A market in higher education; students as consumers; mergers and acquisitions among universities; and a coalition government looking to the private sector to save the day. Surely the arts and humanities should be looking to business schools to lead them out of the crisis, just as business will rescue the British economy from recession? Business schools have experience in metrics measuring research, performance management of staff and self-styled "chief executive officers" leading them. Their business model has triumphed, charging fees the market will bear, winning contracts from the private sector and exporting MBAs globally.
But nothing could be further from the truth. This is a false dawn for business schools, and a looming disaster for the discipline of business and management.
As pedagogical debates in the business schools since the financial crisis show, it is not the humanities that need to turn to the business schools, but the business schools that are seeking out the humanities in an effort to inspire an ethical education and generate originality and boldness of thought.
Mark Taylor, the dean of Warwick Business School, wants to hire a creative writer in residence and start a theatre company in the school. Roger Martin, the dean of the University of Toronto's Rotman Business School, speaks of his flagship degree as a "liberal arts MBA". The Carnegie Foundation for the Advancement of Teaching has launched the Business, Entrepreneurship and Liberal Learning project to ensure business students get the full benefit of a liberal-arts education, and Madrid's IE Business School insists that all students read novels as part of the curriculum.
Indeed, in my own business school at Queen Mary, University of London, first-year undergraduates read E.P. Thompson and C.L.R. James, listen to recordings of Linton Kwesi Johnson and Allen Ginsberg reciting their poetry, and view works by Tracey Emin and Chris Ofili. The idea is to offer students the most challenging examples of critical and ethical thinking, and these are to be found in the arts and humanities. The denuding of these subjects would cut us off at the source and starve us of the material we need for our teaching. The unfolding tragedy of the humanities is also our tragedy. But worse than this, the disaster facing the humanities is a threat to the very existence of our discipline as an academic subject.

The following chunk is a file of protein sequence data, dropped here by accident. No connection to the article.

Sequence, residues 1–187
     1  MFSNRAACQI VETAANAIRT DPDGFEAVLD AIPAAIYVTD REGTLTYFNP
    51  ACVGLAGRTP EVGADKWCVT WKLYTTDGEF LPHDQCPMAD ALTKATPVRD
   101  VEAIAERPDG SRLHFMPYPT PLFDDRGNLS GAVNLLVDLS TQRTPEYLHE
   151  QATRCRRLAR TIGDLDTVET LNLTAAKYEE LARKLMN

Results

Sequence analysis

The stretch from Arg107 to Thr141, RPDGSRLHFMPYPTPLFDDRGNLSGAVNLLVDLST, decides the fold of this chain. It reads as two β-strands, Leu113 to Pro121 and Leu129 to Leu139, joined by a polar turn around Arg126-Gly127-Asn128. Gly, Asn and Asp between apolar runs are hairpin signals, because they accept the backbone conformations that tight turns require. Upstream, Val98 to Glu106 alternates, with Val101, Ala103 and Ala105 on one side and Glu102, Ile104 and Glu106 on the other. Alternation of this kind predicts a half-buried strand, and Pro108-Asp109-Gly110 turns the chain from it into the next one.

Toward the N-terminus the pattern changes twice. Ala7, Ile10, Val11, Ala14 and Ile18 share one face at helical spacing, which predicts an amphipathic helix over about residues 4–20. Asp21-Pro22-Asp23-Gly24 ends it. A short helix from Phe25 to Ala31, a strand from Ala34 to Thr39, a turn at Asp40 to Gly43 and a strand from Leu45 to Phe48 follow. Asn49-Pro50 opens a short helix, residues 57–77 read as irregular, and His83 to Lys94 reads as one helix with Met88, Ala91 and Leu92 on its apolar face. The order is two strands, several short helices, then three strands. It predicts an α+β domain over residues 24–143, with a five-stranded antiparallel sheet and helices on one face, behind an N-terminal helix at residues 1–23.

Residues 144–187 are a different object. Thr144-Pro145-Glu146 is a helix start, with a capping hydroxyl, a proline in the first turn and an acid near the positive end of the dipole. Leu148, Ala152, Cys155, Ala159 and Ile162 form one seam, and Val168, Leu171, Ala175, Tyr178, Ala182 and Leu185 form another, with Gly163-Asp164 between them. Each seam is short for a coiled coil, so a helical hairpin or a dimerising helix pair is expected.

At the heart of the discipline of business and management is a contradiction that keeps the subject alive. This is a contradiction every student recognises but too many business-school scholars will not confront.
Most undergraduates are already aware, often from their own work experience, that while business welcomes some ethics, creativity and free speech, there are limits. Businesses are not democracies, and more than a few are autocracies. If you say something the boss does not like, he can fire you. No amount of talk about consumer rights or stakeholder involvement can obviate that basic fact.
This anti-democratic kernel in the object of study has an unsettling effect on business-school scholarship as it tries to honour the university traditions of free speech, creativity and open enquiry while influencing private enterprise.
The contradiction this produces allows critical voices to emerge and intervene, perhaps through a scholarly critique as in the critical management studies movement, or the current advocacy for increasing the humanities component of the business-school curriculum.
If many universities now cease to offer robust humanities, arts and social science teaching while taking on the business model of the private sector, the business schools may find the movement between business enterprises and the academy much easier to navigate. At the same time, the space allowing some business scholars to remind the discipline of the contradiction between free speech and the realities of power in the workplace will diminish. The discipline would become just an elaborate consultancy.
That is a bleak prospect for the subject and a tragic one for our students.